Maine’s Tourism Industry Hangs in the Balance

Radio Address – 6/19/20

Hello, I am Assistant Senate Republican Leader Jeff Timberlake.

Saturday marks the first official day of summer here in Maine. Normally, this would be a time of great excitement and enthusiasm for small businesses across the state as it means the school year is ending and millions of Americans are planning their summer vacations.

Here in Maine, that usually means that we are about to start hosting 35 million visits by people from away, and the money that these visitors spend is absolutely crucial to the state’s economy.

To be sure, the cause of this unfortunate collapse in our tourism economy is a worldwide pandemic, but that unavoidable situation has been unnecessarily worsened by a set of policies that are far too restrictive.

Maine is the last state in the country, except Alaska, to require that visitors take a test for COVID-19 and show its negative results.

Steve Hewins is the President and CEO of Hospitality Maine and recently he sent me a letter explaining the dire situation. I would like to read that to you now.

Dear Senator Timberlake,

Maine’s hospitality and tourism industry is on the verge of collapse.  Back in February we were headed toward our 14th straight record year of statewide growth.  Then in March, the industry was virtually shut down due to the pandemic, and unemployment in our sector quickly grew to over 75%.  Maine Revenue Services just reported lodging sales down 81% in April, and we know May and June will be worse, just as our peak season has begun.

Our industry in Maine is huge with over 110,000 employees, representing nearly 17% of the state’s workers.  It is made up almost entirely of small businesses, and they are incredibly diverse, from diners and country inns, to family restaurants and sporting camps, to fine dining and seaside resorts.  It reaches deeper into Maine’s economy including museums, tours, attractions, lobstermen, farmers, retail stores and so many more. 

Right now, all these businesses are hurting, and we are hearing from them daily.  A Pemaquid Inn whose revenue is 3% of what it was last year, a small motel in Bar Harbor that would be 90% booked for the entire season has only 5 rooms reserved for the entire month of August. A seasonal restaurant on the coast whose sales are down 90%.  Many of these are well known, multi-generational businesses.  And many of these sadly will not make it.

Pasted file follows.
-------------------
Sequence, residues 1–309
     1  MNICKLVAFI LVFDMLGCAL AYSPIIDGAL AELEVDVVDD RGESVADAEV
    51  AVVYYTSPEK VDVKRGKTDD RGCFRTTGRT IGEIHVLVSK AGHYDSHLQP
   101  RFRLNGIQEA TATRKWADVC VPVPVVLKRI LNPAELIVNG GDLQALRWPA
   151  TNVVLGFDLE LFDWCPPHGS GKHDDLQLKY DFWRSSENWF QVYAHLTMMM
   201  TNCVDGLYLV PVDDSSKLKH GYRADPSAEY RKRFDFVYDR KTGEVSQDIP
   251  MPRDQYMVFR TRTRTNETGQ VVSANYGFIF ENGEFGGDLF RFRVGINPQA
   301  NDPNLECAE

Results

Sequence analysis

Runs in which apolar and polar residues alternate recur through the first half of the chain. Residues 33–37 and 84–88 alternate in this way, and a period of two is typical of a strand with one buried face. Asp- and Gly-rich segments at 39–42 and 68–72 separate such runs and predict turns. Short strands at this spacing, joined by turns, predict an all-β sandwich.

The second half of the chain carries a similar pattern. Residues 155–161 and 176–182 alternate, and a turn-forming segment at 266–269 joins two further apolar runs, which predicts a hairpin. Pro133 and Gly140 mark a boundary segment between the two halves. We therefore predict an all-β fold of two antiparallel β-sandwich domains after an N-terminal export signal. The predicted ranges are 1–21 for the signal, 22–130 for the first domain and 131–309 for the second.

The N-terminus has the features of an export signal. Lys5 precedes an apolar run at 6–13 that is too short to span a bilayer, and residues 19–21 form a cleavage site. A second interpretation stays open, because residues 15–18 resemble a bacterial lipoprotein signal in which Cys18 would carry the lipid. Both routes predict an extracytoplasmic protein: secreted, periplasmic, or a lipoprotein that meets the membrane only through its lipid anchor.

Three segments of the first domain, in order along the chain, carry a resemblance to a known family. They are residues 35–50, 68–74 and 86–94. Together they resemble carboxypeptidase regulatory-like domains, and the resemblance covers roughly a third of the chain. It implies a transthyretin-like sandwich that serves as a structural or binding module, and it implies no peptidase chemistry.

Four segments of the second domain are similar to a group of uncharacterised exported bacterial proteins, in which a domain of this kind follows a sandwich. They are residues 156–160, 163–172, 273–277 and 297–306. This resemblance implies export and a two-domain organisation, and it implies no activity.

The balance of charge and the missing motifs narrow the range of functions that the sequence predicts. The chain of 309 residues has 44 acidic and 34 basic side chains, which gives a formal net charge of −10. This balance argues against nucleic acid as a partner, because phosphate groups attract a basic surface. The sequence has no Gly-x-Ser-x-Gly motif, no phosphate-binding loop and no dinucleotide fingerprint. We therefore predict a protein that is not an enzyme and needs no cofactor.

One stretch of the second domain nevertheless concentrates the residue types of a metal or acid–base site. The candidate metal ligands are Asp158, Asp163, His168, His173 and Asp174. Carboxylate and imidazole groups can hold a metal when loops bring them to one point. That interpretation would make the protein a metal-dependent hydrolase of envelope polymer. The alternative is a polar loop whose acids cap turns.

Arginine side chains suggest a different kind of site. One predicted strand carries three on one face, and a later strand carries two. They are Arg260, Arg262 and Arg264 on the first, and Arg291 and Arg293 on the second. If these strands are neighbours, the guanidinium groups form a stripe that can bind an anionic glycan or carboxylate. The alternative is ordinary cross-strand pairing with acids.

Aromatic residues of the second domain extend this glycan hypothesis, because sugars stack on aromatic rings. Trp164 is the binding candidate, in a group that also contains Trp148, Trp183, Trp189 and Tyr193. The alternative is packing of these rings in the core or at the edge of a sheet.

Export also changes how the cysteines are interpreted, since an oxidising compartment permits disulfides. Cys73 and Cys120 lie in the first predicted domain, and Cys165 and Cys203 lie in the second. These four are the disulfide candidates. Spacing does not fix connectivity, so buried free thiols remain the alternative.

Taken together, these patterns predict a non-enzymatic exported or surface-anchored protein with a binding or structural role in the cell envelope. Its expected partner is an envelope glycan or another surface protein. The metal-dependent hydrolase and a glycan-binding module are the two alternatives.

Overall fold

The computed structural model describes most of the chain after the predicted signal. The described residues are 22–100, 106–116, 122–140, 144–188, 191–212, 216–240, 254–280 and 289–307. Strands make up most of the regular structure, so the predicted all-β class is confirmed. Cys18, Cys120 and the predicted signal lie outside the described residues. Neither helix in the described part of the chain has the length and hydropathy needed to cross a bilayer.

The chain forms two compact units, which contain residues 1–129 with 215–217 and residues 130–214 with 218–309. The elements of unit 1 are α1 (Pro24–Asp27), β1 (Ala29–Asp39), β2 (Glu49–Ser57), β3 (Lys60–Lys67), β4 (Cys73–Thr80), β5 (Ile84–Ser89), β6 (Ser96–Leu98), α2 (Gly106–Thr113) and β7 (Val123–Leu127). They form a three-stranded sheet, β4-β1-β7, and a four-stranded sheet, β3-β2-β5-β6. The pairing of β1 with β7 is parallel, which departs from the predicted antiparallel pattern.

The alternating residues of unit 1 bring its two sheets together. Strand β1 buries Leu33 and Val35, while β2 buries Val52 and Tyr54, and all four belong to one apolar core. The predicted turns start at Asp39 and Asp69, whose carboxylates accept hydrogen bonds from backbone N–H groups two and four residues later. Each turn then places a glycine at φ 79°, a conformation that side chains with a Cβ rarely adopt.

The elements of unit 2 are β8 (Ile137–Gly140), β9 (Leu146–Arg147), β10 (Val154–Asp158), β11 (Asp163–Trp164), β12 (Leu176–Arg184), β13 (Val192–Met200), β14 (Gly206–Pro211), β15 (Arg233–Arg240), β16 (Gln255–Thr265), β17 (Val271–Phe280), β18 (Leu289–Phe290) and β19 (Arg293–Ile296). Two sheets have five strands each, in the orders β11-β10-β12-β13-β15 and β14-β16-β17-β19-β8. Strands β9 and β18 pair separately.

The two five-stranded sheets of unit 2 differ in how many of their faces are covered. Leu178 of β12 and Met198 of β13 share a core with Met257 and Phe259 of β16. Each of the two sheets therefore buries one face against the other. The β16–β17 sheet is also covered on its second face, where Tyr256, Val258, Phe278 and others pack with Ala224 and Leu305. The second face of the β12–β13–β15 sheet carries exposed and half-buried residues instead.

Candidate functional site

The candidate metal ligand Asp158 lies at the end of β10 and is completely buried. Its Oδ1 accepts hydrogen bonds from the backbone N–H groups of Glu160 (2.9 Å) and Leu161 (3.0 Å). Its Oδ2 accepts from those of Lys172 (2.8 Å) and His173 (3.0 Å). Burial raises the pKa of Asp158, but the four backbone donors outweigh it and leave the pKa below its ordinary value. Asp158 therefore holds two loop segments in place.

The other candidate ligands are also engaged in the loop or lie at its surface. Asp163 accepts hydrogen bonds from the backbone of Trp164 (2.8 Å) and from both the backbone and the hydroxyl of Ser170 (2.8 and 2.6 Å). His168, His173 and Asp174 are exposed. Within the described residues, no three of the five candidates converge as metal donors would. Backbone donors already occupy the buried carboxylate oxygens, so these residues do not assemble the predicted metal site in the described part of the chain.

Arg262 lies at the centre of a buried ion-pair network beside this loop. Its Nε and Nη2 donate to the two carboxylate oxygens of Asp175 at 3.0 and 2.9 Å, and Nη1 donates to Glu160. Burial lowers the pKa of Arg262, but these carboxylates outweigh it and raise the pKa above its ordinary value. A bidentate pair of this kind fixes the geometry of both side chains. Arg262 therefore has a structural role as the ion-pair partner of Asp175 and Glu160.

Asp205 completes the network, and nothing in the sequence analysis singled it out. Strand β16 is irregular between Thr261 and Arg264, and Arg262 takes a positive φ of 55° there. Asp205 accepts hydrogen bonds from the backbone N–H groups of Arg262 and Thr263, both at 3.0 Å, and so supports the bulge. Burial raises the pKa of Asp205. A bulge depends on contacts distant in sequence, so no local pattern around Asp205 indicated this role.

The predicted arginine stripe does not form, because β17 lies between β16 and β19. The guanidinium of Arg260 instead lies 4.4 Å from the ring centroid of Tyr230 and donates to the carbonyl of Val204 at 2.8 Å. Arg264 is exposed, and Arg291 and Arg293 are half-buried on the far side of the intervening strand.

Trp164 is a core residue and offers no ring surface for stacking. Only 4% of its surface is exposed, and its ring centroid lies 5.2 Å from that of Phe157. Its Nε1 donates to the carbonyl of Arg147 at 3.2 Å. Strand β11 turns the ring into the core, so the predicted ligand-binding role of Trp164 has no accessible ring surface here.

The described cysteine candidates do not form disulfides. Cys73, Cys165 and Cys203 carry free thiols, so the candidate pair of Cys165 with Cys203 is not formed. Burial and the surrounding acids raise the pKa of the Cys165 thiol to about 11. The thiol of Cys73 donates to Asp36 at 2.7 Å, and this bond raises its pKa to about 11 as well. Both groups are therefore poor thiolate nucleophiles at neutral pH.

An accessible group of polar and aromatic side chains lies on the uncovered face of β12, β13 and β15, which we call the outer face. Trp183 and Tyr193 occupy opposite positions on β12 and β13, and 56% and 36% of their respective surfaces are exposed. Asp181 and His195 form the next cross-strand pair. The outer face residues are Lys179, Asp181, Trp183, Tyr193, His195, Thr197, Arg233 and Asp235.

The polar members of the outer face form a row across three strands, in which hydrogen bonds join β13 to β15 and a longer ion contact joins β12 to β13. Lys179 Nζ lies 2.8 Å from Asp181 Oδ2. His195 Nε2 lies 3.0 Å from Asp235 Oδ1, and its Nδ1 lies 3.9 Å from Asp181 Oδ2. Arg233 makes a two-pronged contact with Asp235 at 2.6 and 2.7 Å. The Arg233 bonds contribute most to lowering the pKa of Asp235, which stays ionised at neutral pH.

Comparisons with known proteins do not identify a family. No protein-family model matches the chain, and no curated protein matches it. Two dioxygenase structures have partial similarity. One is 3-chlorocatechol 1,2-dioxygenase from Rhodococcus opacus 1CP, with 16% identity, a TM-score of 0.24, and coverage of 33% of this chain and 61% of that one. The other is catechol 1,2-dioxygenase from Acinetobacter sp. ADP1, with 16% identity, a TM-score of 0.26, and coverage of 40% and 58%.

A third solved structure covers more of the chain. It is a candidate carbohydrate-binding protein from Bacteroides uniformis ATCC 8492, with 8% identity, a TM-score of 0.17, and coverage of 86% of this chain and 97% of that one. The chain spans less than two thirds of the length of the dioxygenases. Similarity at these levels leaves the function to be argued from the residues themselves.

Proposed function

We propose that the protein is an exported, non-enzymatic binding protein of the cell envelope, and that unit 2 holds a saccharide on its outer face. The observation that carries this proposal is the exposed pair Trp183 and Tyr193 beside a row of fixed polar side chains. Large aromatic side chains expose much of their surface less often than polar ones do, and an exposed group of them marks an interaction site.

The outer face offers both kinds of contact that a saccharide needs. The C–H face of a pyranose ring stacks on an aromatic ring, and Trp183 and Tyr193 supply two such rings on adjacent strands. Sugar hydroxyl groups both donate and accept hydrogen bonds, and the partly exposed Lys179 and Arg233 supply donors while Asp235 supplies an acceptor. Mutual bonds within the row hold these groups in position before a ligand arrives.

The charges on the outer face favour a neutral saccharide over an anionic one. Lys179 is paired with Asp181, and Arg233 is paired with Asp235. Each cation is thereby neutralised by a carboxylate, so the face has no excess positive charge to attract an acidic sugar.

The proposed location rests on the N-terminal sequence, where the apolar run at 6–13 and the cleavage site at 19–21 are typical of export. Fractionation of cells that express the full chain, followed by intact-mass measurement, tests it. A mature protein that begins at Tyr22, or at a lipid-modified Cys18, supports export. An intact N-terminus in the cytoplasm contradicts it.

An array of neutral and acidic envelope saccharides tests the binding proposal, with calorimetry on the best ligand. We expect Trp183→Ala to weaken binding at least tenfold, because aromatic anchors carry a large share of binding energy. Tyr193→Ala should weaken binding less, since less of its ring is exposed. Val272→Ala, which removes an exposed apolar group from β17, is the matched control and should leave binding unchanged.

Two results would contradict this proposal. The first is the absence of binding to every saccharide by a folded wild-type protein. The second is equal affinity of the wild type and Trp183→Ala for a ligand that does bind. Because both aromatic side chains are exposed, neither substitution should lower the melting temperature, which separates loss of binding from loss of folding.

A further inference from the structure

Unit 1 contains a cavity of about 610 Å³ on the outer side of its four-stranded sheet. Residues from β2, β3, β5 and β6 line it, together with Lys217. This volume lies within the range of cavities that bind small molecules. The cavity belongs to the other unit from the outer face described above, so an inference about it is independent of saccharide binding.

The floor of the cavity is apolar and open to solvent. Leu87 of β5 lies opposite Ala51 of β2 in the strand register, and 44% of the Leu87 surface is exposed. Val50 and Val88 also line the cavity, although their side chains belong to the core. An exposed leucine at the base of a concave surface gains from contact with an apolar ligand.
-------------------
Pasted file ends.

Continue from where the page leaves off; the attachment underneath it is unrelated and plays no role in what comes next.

Right now, the restrictions on travel to Maine are tighter than any in the lower 48 states which does not make this possible.  We are asking that Maine’s requirements for visitors be on a par with other New England states like Massachusetts.  Our hotels and restaurants should all be open and filled. 

Visitors should be spending money in our businesses and paying taxes that support our economy.  If we are not able to save some of the season, it will indeed be a very long winter coming up in Maine, and the pain could stretch for years.


Steve Hewins, President and CEO, HospitalityMaine

Leaders of Maine’s state government need to get together and assess its policies so that we are more in line with other neighboring states. In the tourism industry, when you are the outlier, and it is more difficult to visit your state, people simply go elsewhere, where policies are safe, but welcoming.

Maine must focus its efforts on keeping everyone as safe as we can, while also recognizing the importance of owners and workers of small businesses, whose economic reality will not survive the loss of an entire summer season.

Again, I am Assistant Senate Republican Leader Jeff Timberlake.

Please get out and enjoy the start of another beautiful summer in Maine.

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